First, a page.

Recently Redpoint Magazine was able to catch up with Jeremy Riddle who is a nationally known songwriter and worship leader. He has a new studio worship album “Furious” that will be released this summer, and he has led worship at many Vineyard youth events across the nation in the past years. Below are a few excerpts from a revealing discussion about Jeremy’s desire for all of us to keep worship centered on the presence of God.

Redpoint Magazine (RM): Can you talk some about your inspiration for this new album?

Jeremy Riddle (JR): I think this record will be filled with more congregational songs than I’ve had in the past. I think it’s funny how much community shapes your writing process. We’ve gone through a lot of seasons, but I’m really freshly enthused about songs for the church. I don’t even see myself as a fantastic congregational songwriter—not a heavy hitter. I mean, I’ve always walked the artist/congregational line—not that in my heart I’m anything but a worship leader—it’s just what comes out in my songwriting isn’t always that congregational. But for this project a lot is co–written, and I’ve found that has been a really good thing for me. It helps keep the songs true to their original goal, and it brings my strengths and their strengths to the table in a complementary way. So yeah, I think we’ve created a couple really great, solid, proven songs, which even from the intro you can tell that they are going to catch on.

RM:I know in your past you have worked with teens. How did that shape who you are and what you feel called to? How did it shape your worship leading?

JR: Leading teens in worship is not your typical assignment—depending upon the group. I think in a lot of ways you are starting at ground zero for 90 percent of the teens. So I think it’s really crucial to teach what it means to worship. Especially with how powerful youth culture is, it’s so important to shape a culture of worship. I think with so many youth, it is in their hearts to respond to God, but unless that culture is there, and unless they are in a group of other kids doing it together, they won’t really engage.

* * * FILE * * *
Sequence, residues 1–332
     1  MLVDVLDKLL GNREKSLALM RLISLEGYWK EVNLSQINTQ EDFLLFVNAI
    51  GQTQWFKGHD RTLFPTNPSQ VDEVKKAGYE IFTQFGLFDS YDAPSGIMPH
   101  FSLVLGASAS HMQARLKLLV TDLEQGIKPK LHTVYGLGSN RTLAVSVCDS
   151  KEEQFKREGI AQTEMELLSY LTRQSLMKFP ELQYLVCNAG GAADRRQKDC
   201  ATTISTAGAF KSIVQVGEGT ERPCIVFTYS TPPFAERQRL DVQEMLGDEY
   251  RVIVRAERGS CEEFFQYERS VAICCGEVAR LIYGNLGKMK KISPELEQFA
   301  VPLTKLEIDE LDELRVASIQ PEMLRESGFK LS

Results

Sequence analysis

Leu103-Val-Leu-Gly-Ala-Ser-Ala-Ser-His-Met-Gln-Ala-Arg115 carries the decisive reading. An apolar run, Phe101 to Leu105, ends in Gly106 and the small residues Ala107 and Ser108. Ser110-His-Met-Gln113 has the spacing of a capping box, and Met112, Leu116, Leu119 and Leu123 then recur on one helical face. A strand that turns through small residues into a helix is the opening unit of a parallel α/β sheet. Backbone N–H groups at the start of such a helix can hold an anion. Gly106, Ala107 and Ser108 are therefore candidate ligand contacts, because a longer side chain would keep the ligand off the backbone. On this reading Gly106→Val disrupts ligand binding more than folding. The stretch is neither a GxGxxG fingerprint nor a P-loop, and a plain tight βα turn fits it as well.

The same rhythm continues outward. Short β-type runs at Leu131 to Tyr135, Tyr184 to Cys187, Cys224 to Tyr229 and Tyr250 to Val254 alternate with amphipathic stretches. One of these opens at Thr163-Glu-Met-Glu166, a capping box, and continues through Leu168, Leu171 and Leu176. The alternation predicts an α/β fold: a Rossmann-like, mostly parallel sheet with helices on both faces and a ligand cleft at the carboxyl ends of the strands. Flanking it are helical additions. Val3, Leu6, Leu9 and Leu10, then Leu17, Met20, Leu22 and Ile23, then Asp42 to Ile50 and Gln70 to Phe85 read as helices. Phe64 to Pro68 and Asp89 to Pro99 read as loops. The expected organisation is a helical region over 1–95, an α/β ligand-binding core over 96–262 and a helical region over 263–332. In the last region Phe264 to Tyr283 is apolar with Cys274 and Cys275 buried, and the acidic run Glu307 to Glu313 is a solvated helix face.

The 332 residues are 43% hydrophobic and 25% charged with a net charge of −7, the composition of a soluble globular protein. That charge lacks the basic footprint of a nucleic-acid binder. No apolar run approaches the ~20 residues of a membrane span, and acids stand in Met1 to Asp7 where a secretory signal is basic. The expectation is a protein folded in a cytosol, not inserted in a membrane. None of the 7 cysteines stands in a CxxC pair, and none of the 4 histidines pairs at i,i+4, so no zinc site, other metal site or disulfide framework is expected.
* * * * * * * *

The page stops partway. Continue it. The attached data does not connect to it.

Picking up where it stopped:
So the trick for me is how do I get this group to engage with the Lord? I would always start with the core group of kids and sow a lot of time into them. I would rope that core in by intentionally building teams with youth (if only adults are on stage, then we could never build a culture of youth). I would suck them in with lessons, and in that I would teach them about worship. I was very simple—I would have them (for instance) read through three psalms in a week, and then make three points about worship. When we’d gather then, we’d discuss what we learned in Psalms, and then start band practice. I always had one strong leader to kind of hold it together, that really helped. Then, once I had a core group of teens involved, I encouraged them to go after God.

“More is caught than taught” is especially true in worship. It wasn’t a lecture on lifting my hands in worship that brought me to lift my hands. It was more an environment that I caught that this was natural and good. With youth it is something that has to be modeled— but this is also true with adults. The lessons I have learned working with youth have definitely transferred to all I do with adults. Adults are really no different—if you don’t create a culture of worship with adults, you get the same thing. I see a lot of places where that culture of worship doesn’t exist, and there is no freedom in worship. But I think being intentional about creating that culture of worship is something that I’m really passionate about. That was something transformative for me in my youth which began my understanding that Christianity is really about a relationship.

RM: As a leader on the national stage for worship, what do you feel God is doing in worship right now in the nation? Do you feel any trends or movements that you see happening across the board?

JR: I sense that the next generation has some authentic and “indigenous” sound that we’re not sure what it is yet, or what form it will take. The music they are listening to is very different, so will it change the landscape of mainstream worship as we know it? I’m not sure, but I’m excited to see where it’s going.